The main measure in the study was sleep efficiency, which is the percentage of time a person slept for an eight hour sleep night
November 29, 2012- A new study says that suvorexant, an experimental sleep medication by Merck helps people with insomnia to fall asleep quicker and to remain asleep longer.
The study’s leader said the data the study produced and confirmed in a later study is that the new sleep drug helps insomniacs wake less and sleep faster. The researchers also said the drug is well tolerated and effective in the long term.
The study used 60 people who were given a range of doses in a lab for their insomnia to see if the medication tested better than a placebo pill that was inactive. Study participants were not aware of which pill was the drug or which the placebo was and they took one or the other for four consecutive weeks, then switched and took the other for four more weeks.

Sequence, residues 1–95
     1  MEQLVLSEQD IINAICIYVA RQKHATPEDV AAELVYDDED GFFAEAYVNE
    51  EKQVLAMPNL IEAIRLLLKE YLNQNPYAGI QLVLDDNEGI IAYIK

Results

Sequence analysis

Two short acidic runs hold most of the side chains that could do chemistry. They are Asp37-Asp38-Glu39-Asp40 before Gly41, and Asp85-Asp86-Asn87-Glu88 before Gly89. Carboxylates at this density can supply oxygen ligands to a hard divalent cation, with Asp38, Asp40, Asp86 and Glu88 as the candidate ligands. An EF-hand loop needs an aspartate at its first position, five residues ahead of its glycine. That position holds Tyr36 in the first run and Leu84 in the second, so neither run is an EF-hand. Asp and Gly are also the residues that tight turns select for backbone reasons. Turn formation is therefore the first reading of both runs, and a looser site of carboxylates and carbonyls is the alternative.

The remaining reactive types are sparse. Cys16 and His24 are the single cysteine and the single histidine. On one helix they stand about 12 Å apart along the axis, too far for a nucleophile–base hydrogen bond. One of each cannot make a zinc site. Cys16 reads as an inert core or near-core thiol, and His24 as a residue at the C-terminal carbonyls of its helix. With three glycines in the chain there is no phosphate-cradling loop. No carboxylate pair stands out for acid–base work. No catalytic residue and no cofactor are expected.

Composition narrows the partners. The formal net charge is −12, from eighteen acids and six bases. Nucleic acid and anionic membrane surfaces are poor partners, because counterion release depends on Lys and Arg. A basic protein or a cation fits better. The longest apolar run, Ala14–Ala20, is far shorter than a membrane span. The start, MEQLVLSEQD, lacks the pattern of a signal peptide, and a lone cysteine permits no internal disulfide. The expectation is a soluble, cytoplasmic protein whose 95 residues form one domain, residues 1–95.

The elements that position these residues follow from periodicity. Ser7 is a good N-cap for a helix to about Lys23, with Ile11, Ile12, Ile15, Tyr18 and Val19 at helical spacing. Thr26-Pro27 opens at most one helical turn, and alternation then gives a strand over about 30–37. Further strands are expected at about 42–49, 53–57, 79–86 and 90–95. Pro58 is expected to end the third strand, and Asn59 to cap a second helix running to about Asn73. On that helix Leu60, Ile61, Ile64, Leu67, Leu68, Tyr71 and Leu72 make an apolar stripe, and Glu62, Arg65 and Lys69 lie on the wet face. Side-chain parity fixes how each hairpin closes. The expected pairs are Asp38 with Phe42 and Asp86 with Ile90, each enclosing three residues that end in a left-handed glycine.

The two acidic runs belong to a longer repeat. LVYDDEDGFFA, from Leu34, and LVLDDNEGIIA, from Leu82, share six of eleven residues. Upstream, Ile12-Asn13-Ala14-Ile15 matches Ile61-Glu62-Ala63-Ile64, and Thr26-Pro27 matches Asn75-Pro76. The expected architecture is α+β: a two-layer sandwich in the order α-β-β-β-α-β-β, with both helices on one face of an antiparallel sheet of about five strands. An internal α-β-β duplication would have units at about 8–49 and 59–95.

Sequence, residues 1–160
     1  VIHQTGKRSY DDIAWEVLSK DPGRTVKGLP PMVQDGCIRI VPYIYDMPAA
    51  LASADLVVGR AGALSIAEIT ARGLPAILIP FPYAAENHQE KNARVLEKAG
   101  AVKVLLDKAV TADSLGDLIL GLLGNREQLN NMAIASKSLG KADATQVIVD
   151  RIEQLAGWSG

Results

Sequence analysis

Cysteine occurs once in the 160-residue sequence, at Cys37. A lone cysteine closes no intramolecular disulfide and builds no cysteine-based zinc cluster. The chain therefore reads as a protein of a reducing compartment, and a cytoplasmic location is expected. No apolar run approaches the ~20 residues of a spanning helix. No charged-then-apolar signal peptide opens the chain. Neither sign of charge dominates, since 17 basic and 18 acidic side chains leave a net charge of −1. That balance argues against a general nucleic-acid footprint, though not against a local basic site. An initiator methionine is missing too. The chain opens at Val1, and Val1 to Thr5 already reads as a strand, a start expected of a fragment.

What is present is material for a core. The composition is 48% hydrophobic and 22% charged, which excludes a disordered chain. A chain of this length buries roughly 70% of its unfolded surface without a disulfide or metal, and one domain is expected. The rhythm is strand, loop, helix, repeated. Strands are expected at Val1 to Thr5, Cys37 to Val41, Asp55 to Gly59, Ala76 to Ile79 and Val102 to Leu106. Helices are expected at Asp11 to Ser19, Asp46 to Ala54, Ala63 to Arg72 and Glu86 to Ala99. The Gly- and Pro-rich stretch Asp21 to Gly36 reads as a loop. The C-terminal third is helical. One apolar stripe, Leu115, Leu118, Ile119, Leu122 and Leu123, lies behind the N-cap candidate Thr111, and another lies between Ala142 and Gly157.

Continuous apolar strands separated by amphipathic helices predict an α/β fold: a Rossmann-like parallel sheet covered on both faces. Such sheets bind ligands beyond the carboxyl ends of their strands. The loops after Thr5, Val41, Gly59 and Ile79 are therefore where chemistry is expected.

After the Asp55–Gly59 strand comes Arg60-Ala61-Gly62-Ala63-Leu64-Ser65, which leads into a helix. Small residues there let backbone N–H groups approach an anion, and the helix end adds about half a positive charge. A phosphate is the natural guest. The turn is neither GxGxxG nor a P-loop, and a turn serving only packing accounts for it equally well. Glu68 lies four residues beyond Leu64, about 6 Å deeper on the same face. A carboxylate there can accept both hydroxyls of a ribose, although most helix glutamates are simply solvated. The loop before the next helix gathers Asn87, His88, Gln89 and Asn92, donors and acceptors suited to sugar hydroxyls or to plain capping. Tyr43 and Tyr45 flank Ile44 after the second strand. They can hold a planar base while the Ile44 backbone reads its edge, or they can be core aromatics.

The main measure in the study was sleep efficiency, which is the percentage of time a person slept for an eight hour sleep night. At the start, the average sleep rate for the participants was 66%. Participants were awake on average for 101 minutes during the eight hour night after falling asleep and then waking up.
A whole range of results was generated, but the sleep efficiency generally improved from 5% to 13% versus the placebo. Patients also had between 21 to 37 minutes less time they were awake during the eight hours.
That amount might not seem like much, but it means a great deal to someone suffering insomnia, said one of the doctors involved in the study. The doctor said patients with insomnia tend to feel better as well as function more efficiently when they have only 15 to 20 minutes of additional sleep each night.
Researchers said the suvorexant does not function like the other sleeping medications. Current drugs for insomnia enhance brain functions that make someone sleepier. Suvorexant on the other hand, inhibits orexin, the hormone that acts to increase wakefulness.